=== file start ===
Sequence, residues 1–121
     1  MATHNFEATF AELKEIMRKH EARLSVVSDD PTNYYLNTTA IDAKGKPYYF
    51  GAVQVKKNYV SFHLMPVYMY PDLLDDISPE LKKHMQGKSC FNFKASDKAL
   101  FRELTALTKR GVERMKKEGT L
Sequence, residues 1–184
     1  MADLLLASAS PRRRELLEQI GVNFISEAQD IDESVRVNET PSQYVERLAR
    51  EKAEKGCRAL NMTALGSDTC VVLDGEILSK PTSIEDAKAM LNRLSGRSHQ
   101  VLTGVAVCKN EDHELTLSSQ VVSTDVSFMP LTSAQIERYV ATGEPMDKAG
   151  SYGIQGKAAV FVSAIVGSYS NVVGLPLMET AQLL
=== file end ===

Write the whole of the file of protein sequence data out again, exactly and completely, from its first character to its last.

Sequence, residues 1–121
     1  MATHNFEATF AELKEIMRKH EARLSVVSDD PTNYYLNTTA IDAKGKPYYF
    51  GAVQVKKNYV SFHLMPVYMY PDLLDDISPE LKKHMQGKSC FNFKASDKAL
   101  FRELTALTKR GVERMKKEGT L
Sequence, residues 1–184
     1  MADLLLASAS PRRRELLEQI GVNFISEAQD IDESVRVNET PSQYVERLAR
    51  EKAEKGCRAL NMTALGSDTC VVLDGEILSK PTSIEDAKAM LNRLSGRSHQ
   101  VLTGVAVCKN EDHELTLSSQ VVSTDVSFMP LTSAQIERYV ATGEPMDKAG
   151  SYGIQGKAAV FVSAIVGSYS NVVGLPLMET AQLL